Ele não :)

I never get tired of discussing politics. Online, I post my opinions, share ideas I find interesting, and I always try to be in the loop of what’s happening around the globe as much as I can.

Most of the time, this much-needed exercise leaves me teary-eyed and broken-hearted. But THIS time, reading about the manifestations against Bolsonaro all around Brazil, I felt a profound sense of pride in my people.

Those of you who have been following me for some time probably know how much disgust I feel towards the current Brazilian president, Jair Bolsonaro.

(long post about Brazilian Politics after the cut. There’s a list of amazing NGOs doing awesome work at the end of the text if you can/want to help the situation of the many groups at risk in Brazil right now. They include LGBTQIA+ groups, Indigenous people, Black communities, feminist movements, and NGOs focused on proper education and food for impoverished children).

In 2018, before the presidential elections, I was walking down Paulista Avenue with one of my closest friends.

Filling one of the widest avenues in Brazil, there was a mob of Bolsonaro supporters holding placards that read “É melhor Jair se acostumando.” It’s a small word-play with Bolsonaro’s name; the idea is “You better start getting used to him”. Stationed on the edges of the avenue, police officers stood with guns attached to their waists, crossed arms, and expressions that ranged from pure disinterest to clear enjoyment.

My friend stepped closer to me. He is strong, brilliant, and one of the bravest people I know, and yet he was clearly uncomfortable, so—after I managed to recover from the slight shock of seeing him like that—we linked our arms and avoided the mob in front of us, walking back to the intersection with Consolação Avenue.

Once we were away from the mob and the officers, he looked over his shoulders and sighed.

“If you weren’t here, they’d probably have stopped me,” he said.

The mob was mostly White. I’m White.

My friend is Black.

“I don’t wanna think what will happen if that dude wins the elections,” he completed.

His fear was justified. Bolsonaro is a racist, misogynist, homophobic ex-military who preaches in favor of the Military Dictatorship period in Brazil, which killed thousands of Black and Indigenous people while also torturing anyone who spoke up against the military government.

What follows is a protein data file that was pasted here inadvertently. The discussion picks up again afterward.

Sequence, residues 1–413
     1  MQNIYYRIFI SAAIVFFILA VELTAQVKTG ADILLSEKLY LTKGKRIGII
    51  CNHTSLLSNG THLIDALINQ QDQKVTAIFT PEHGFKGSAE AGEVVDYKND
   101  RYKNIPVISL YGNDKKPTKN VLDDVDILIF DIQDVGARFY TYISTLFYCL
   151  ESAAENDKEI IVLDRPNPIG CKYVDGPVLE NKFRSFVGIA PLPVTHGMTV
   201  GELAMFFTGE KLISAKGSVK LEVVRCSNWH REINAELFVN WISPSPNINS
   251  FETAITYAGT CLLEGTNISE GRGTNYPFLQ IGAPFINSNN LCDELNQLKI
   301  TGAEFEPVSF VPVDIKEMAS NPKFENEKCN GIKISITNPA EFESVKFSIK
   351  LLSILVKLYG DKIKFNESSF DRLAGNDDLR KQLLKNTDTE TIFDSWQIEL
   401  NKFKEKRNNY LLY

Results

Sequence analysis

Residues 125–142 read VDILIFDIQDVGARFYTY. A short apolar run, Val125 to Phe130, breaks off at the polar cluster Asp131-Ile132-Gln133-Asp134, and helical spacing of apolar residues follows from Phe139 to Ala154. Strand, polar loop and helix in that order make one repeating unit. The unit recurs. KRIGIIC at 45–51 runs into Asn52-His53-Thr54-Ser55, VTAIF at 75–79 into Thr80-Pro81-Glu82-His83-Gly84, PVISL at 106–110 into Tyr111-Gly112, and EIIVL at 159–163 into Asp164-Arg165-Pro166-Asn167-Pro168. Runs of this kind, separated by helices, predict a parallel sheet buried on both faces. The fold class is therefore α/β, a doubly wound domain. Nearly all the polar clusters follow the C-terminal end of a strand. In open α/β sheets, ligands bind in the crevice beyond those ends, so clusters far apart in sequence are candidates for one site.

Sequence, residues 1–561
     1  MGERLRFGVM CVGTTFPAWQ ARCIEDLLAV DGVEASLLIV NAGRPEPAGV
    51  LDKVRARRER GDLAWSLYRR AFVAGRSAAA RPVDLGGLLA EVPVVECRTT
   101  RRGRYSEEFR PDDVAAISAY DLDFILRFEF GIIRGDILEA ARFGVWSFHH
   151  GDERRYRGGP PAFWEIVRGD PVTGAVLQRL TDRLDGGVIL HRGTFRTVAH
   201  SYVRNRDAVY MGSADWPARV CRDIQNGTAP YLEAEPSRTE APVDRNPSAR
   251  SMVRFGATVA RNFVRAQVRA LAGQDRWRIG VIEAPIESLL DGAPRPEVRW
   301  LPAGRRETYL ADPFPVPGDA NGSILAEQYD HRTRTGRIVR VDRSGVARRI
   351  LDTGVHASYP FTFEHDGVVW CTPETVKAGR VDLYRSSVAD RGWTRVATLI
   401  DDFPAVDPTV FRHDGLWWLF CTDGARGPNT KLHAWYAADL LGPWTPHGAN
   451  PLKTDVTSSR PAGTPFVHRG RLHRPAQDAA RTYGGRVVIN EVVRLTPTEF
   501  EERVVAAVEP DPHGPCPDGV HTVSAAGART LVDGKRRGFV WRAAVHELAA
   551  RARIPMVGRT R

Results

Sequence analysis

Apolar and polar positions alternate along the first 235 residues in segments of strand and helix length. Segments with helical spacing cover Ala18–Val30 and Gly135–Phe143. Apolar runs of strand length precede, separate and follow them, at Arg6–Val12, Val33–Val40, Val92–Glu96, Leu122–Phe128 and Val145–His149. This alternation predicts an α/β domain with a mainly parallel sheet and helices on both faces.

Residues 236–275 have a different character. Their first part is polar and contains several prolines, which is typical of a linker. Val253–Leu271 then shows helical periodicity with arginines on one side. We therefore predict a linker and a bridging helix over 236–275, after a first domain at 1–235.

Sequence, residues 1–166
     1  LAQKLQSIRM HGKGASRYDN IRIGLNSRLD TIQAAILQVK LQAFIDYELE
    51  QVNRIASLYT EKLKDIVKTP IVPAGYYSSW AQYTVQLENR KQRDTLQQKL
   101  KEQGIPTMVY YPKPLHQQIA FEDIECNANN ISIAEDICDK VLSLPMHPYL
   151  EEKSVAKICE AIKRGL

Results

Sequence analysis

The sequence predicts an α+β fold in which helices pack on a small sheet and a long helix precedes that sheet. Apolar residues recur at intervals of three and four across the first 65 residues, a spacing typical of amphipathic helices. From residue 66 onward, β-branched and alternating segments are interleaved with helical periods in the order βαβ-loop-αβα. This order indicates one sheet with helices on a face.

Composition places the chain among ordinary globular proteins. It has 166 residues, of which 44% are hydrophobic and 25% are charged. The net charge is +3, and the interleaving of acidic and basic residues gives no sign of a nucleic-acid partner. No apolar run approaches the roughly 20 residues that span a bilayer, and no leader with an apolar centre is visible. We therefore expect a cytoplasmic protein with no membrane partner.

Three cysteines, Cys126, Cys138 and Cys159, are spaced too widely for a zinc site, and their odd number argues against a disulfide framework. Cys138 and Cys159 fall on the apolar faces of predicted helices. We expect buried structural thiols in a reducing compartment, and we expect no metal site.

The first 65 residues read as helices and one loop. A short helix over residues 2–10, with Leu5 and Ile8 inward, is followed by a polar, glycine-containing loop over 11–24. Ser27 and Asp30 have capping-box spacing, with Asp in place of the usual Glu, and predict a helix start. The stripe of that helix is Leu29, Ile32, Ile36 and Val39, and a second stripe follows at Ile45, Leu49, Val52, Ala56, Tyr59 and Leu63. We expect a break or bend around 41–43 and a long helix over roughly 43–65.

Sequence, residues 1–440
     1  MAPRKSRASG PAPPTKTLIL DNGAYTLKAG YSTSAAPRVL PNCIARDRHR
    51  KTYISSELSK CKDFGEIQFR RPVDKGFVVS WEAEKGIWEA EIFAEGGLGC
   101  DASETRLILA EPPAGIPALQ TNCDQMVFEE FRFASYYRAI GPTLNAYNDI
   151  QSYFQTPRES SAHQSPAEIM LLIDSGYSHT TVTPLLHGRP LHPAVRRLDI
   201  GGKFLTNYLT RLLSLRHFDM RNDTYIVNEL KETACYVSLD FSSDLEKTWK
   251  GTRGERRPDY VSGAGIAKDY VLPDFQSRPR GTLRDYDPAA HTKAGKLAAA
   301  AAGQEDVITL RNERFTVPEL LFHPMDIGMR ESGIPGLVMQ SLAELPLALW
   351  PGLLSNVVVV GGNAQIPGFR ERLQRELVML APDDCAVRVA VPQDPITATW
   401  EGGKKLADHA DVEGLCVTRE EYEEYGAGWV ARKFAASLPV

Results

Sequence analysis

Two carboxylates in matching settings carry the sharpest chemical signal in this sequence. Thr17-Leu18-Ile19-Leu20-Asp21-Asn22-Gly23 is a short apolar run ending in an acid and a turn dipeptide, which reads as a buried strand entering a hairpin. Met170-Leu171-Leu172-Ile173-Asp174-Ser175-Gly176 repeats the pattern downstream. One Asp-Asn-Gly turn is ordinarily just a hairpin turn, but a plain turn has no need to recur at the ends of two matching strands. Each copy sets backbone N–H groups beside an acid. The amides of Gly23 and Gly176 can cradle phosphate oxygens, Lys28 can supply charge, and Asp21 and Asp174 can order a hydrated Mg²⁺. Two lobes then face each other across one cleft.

“He won’t win,” I answered. I was born and raised in São Paulo, one of Brazil’s industrial, technological, and cultural hubs; I never thought people would turn a blind eye to how much damage Bolsonaro could make as a president. “He can’t win,” I added. “Not being who he is.”

My friend nodded. We hugged and walked and laughed it off (tried to). And when Bolsonaro won, we both cried.

I guess I was a tad too naïve. 

He won. He won, and I never got used to the idea of having such a terrible president. Here are a few things that happened in his government and that are directly connected to him:

(most of the links here are from news articles in Portuguese)

And this is just the tip of the iceberg. I didn’t add the investigations of corruption (including embezzlement of money for COVID-related services), the liberation of guns, the nepotism, the problem with vaccines, the damage of the far-right religious institutions the president supports, and the disrespect and verbal aggression towards women.

… And that’s why I felt so proud of my fellow Brazilians yesterday. :3 We’re a young people (Brazil is only 521 years old, while England, for example, is 1094, if you think about the creation of the kingdom of England), but we’re still doing our best. I might be away from my Land of Drizzle, but I carry my people in my heart, and I cry alongside them, as loud as I can,

♥♥♥ Fora Bolsonaro! ♥♥♥

And even though I can see Brazilians waking up and organizing themselves better, there are still people needing our help right now. If you want to help the situation in Brazil, please consider Donating! Here’s a small list of NGOs doing a lot of good in Brazil:

APIB (“Brazilian Indigenous People Articulation”) – to help the indigenous people in Brazil.  (They also have a fantastic documentary subtitled in English you can watch here, showing the situation of the indigenous people in Brazil)

CUFA (“Unified Central of Favelas”) – to help the impoverished communities and Favelas in Brazil. (I use my credit card to donate to this one; if you’re outside Brazil, I think this might work for you too). If you want to help the Covid Relief specifically, CUFA has a project called “Mães da Favela” (Favela mothers), which you can donate to directly through this link.

Amigos do Bem – help with famine, donate drinkable water, and improve education in northeast Brazil, one of the areas more impacted by droughts.

Omolará (site in Portuguese) – amazing social project focusing on helping Black Woman find education and financial independence.

+ To help the LGBT+ community in Brazil, I’m still searching for NGOs and projects that receive international donations. If you’re in Brazil or if you can make wire transfers, I suggest checking this list of fantastic projects (in Portuguese).


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